As one of the founding participants in the government’s Medical Tourism Program, MMC will in the future be able to welcome patient-visitors – and locals alike – to a brand new seven-storey wing, housing five centres of excellence related to cancer care, eye services and the heart among others. Patients’ rooms will remain in the original building which will also undergo major refurbishment. The new facility is envisioned to have the feel of a hotel and spa.

St Luke’s Medical Center

www.stluke.com.ph

Four years ago when this well-regarded Philippine institution, founded by an Episcopalian minister in 1903 as a free clinic for the poor – named the Dispensary of St Luke the beloved Physician – decided to try for JCI accreditation, it was already doing so from a position of excellence.

An international affiliate of New York-Presbyterian Hospital, Columbia University College of Physicians and Surgeons, Weill Cornell Medical College of Cornell University and Memorial Sloan-Kettering Cancer Center, St Luke’s has built a firm reputation for quality healthcare service, not only in the country but the region as well.

Michael Alan Hamlin, author of The New Asian Corporation, described St Luke’s as “one of the most innovative organisations to establish itself in twenty five years of observing Asian enterprise”.

At the helm of this medical hub – nine institutes, 20 multi-disciplinary centres, 659-bed hospital – is its president and CEO Jose F G Ledesma, who says: “When we went for JCI accreditation, we agreed that regardless of whether we would pass or fail, the exercise would only improve our customer service. That’s the underlying reason for getting audited – you keep raising the bar on standards.”St Luke’s received JCI certification in 2003, the second in Asia to be awarded one; and last year, it maintained  leading edge and was re-accredited.

But as far as Ledesma is concerned, “every day is JCI-day”, with streamlining and enhancement of operations a constant preoccupation. Telephone calls answered after three rings and regular time and motion monitoring of daily tasks are SOP at St Luke’s. Benchmarking against tried-and-tested organisations such as American Express and five-star hotel chains has resulted in attractive and helpful perks not found in other medical facilities (although St Luke’s counterparts are gradually putting in their own service innovations ).

This is especially reassuring for St Luke’s growing foreign clientele, which now comprises about 6 percent of the total customer base. They enjoy perks such as a la carte meals, free concierge assistance, grocery procurement – useful when staying at the hospital’s apartelle block located within the premises – visa extensions and customised private tours. If a guest needs a computer, you can be certain Ledesma’s team will make sure he or she gets one ASAP.

 St Luke’s has set the goal of becoming one of Asia’s top five medical institutions by 2010. Success or not, this hospital will not be deterred from trying.

The Medical City (TMC)

www.medicalcity.com.ph

When The Medical City applied for JCI accreditation in 2005, it knew the process would be a painstaking one. Millet P Escasinas, the hospital’s manager, relationship management and business development, recalls: “We really spent time and invested in the exercise – it took about two years to prepare and put all the documents into place. We also oriented all our staff, from the top down to the doctors to the janitors about what was happening.”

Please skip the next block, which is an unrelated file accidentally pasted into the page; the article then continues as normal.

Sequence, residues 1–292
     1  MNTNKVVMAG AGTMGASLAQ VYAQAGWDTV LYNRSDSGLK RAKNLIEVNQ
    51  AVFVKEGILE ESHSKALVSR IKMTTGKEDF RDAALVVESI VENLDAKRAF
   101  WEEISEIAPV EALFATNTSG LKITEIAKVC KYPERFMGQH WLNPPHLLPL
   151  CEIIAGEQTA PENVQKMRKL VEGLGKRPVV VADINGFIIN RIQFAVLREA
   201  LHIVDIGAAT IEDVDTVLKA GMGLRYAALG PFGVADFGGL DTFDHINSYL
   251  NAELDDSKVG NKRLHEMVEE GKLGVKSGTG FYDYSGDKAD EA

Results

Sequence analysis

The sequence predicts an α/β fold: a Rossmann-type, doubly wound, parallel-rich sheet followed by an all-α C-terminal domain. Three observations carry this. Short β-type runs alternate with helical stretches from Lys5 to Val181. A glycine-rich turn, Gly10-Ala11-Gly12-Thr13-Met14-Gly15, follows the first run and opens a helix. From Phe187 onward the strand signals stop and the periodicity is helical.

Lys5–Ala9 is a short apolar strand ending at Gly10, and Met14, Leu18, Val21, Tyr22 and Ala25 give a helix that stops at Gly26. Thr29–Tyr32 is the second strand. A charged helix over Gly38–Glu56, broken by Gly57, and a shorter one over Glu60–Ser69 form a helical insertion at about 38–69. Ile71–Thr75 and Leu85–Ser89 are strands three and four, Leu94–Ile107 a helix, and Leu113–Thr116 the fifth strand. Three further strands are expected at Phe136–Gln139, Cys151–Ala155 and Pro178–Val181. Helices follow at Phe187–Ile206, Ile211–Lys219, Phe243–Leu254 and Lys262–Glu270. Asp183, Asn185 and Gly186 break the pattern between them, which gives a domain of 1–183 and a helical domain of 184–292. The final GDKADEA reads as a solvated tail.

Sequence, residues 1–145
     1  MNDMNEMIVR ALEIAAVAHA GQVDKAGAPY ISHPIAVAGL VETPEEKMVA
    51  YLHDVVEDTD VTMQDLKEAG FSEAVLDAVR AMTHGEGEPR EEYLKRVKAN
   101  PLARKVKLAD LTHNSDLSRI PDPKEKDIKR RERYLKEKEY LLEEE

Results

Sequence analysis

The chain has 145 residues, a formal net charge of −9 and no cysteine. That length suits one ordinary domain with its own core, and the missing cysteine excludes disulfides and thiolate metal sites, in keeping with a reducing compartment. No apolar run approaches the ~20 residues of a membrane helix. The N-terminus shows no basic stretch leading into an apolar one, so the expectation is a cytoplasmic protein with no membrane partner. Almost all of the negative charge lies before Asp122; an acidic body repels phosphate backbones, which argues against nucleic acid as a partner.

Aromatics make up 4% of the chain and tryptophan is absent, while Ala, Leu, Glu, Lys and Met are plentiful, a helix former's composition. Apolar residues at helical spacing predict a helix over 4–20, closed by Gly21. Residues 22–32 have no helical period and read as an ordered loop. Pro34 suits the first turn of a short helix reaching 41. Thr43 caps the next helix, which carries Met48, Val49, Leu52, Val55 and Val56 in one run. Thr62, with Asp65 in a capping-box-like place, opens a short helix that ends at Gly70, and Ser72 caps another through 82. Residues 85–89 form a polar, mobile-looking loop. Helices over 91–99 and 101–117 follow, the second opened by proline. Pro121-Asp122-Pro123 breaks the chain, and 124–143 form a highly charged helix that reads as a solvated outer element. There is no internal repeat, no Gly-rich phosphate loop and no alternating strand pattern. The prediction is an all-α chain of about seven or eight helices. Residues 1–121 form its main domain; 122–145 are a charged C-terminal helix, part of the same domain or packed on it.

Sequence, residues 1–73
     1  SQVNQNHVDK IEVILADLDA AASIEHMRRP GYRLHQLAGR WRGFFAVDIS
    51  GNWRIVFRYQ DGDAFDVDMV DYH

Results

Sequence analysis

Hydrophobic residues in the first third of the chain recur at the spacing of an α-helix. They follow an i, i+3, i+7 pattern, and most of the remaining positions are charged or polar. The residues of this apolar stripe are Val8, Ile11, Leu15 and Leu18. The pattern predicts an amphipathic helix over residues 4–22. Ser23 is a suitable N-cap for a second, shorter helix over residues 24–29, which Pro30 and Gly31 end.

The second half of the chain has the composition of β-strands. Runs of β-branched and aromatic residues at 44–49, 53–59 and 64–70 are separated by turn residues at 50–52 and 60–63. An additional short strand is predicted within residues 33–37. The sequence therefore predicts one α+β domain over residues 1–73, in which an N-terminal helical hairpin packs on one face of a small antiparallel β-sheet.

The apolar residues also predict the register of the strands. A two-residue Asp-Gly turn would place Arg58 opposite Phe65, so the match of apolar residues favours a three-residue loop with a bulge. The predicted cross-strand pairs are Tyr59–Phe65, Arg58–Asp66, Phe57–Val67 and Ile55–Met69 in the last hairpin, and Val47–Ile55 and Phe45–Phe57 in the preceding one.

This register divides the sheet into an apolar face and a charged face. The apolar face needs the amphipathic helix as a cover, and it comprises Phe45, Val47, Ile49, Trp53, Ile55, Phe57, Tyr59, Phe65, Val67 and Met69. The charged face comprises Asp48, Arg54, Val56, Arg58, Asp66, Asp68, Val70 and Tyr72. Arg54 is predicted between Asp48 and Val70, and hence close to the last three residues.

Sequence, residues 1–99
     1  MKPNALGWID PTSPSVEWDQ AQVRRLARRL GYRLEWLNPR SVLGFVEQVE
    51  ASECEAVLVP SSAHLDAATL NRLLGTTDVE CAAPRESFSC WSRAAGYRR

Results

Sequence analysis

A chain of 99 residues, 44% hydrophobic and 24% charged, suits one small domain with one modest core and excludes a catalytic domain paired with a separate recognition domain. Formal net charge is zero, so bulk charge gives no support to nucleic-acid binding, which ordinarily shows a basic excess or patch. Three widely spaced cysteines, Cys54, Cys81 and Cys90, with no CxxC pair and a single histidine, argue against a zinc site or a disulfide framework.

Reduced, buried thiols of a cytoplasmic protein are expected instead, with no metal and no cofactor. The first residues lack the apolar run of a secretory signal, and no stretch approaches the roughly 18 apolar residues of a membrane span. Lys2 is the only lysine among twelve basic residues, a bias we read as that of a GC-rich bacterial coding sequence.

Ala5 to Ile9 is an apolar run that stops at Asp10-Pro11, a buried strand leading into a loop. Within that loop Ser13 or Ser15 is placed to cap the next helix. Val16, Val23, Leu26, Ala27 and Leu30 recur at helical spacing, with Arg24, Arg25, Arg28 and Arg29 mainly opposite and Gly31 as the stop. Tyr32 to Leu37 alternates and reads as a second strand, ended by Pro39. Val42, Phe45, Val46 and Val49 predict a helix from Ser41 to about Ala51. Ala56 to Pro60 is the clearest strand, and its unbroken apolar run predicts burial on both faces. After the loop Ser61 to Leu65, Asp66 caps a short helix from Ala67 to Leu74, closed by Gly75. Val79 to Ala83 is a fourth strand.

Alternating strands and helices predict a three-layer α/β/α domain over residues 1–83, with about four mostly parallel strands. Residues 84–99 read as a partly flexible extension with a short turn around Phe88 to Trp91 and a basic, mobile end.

JCI representatives then arrived, staying a week “to turn the hospital upside down,” says Escasinas. The temporary disruption to the routine was worth it. TMC was awarded the precious certification in February of this year, and the inspectors gave it perfect marks in two very important standards: access to care and continuity of care and quality improvement and patient safety. 

TMC promotes a unique service philosophy founded on the patient as an equal, educated and empowered partner in achieving health goals. Says Dr Florianne Feliza Valdes, TMC’s department head of Center for Patient Partnership: “Here, patients are not passive objects of expertise and care. They are managers of their health. They have rights and responsbilities. We encourage them to participate in the decision-making process.”

Even before winning JCI’s nod, the hospital, located in the Ortigas area, Metro Manila’s second CBD, was already popular with a clientele that was familiar with the Filipino healthcare system – visitors from Guam, Saipan, Palau and the Marshall Islands. For these overseas guests, TMC can arrange airport transfers through their car rental partners and has set up the Executive Patients’ Centre which handles their check in. Currently, TMC has 500 beds (with provision for 288 more), occupying two tower blocks, a podium housing diagnostic facilities and offices, an 18-storey Medical Arts Tower with 280 doctors’ clinics. Over 1,000 physicians from all specialties make up the medical staff.

FURTHER CONTENT PUBLISHED BY THIS AUTHOR

India powers ahead

Articles, 01 October, 2008

India's is becoming a major hub of medical travel

Manila's expertise

Articles, 26 July, 2008

Manila shows off it's expertise in international medical travel

The value of medical travel

Articles, 01 July, 2008

The industry discusses the best way to describe itself

The accommodation issue

Articles, 01 July, 2008

Facilities and accommodation providers have a tentative relationship with the industry